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To be fair, I haven’t read My Beautiful Mommy, but still…that title is pretty bad.

If this is just a book about the idea that “mommy” is going to have some work done and how to explain it to a kid, that’s one thing. But if it’s more of a story about “transformation” from normal to “beautiful,” well, that seems incredibly unethical to me.

From Newsweek:

What’s the market for a children’s picture book about moms getting cosmetic surgery? No one specifically tracks the number of tummy-tuck-and-breast-implant combos (or “mommy makeovers,” as they’re called), but according to the latest numbers from the American Society of Plastic Surgeons, breast augmentation was the most popular cosmetic surgery procedure last year, with 348,000 performed (up 6 percent over 2006). Of those, about one-third were for women over 40 who often opt for implants to restore lost volume in their breasts due to aging or pregnancy weight gain. There were 148,000 tummy tucks—up 1 percent from the previous year.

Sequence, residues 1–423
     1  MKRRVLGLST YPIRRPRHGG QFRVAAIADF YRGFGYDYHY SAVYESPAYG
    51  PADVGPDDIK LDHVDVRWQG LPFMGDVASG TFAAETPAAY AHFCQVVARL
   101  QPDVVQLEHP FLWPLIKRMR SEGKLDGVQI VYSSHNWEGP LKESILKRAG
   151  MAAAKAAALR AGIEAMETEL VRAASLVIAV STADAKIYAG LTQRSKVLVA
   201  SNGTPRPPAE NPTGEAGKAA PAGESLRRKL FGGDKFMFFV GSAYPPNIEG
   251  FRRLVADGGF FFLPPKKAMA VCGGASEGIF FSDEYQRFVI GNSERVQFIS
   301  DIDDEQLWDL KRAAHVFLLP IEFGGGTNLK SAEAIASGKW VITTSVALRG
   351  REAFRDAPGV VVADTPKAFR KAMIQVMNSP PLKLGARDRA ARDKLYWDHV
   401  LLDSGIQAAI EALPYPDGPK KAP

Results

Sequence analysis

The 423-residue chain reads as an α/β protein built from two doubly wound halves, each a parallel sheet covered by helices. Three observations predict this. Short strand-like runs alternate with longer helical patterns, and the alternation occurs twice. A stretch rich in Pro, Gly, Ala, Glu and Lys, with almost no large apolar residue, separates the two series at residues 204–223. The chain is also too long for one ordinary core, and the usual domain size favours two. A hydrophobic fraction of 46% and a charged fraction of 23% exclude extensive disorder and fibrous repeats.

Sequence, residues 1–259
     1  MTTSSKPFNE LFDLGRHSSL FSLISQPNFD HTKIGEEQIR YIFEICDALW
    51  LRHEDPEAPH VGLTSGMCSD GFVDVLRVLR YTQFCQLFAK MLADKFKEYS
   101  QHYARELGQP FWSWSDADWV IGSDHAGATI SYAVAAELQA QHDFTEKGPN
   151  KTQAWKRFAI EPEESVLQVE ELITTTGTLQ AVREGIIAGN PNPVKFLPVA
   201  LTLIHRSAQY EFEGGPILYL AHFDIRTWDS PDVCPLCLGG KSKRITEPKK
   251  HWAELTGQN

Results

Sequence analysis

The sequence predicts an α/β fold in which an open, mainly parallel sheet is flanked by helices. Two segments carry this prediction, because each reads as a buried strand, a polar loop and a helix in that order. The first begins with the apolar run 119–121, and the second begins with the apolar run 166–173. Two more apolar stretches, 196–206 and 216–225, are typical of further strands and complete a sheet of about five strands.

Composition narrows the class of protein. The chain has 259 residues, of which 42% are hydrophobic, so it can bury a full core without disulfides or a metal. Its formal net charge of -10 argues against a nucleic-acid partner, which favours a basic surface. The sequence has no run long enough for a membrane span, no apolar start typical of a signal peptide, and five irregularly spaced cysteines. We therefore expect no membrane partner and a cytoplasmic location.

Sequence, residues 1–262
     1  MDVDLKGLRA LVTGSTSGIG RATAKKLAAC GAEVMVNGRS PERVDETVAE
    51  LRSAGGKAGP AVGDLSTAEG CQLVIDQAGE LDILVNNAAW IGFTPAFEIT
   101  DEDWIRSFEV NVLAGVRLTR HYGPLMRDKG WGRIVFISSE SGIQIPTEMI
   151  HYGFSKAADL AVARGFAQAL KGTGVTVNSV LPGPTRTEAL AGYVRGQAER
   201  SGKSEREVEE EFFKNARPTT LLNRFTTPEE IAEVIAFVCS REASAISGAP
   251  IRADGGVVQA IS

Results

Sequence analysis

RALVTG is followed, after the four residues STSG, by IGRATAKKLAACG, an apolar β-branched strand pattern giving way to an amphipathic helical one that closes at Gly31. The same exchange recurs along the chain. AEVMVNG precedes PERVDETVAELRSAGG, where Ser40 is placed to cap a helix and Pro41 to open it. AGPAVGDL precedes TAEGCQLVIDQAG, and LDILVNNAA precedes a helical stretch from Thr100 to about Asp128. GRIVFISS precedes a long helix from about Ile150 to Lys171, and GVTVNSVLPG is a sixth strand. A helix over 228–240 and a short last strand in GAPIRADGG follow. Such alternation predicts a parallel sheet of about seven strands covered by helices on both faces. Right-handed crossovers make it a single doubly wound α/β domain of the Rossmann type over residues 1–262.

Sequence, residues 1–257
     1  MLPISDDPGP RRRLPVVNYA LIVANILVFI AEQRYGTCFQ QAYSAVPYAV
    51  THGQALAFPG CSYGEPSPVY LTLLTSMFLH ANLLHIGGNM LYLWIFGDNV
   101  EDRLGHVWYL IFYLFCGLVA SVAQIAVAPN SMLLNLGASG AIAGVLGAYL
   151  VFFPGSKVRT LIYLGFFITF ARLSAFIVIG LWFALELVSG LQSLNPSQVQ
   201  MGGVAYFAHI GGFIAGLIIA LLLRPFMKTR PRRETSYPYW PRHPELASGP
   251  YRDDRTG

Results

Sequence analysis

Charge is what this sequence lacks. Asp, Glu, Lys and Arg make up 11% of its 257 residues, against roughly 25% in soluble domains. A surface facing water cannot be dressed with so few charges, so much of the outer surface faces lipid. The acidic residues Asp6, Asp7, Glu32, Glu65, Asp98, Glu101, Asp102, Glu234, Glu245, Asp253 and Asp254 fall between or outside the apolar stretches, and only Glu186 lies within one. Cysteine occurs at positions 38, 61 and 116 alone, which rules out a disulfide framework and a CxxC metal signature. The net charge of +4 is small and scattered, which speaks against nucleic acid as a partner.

Salzhauer got the idea for a book after noticing that women were coming into his office with their kids in tow. He says that mysterious doctor’s visits can be frightening for children. “Parents generally tend to go into this denial thing. They just try to ignore the kids’ questions completely.” But, he adds, children “fill in the blanks in their imagination” and then feel worse when they see “mommy with bandages,” he says. “With the tummy tucks, [the mothers] can’t lift anything. They’re in bed. The kids have questions.”

Here’s one doctor’s understandably snarky response…

First, let’s consider toddlers’ views on what makes a person beautiful. Let’s be honest, isn’t it annoying how clueless they are of true standards of beauty? All children seem to think, for example, that their moms are beautiful, even if she has a big nose or sagging skin…or worse.

I ask you: is this a healthy viewpoint? If we don’t teach our toddlers otherwise, won’t they take this misguided view of beauty into later childhood, even adulthood? Imagine the consequences to society if everyone was considered beautiful in his/her own way.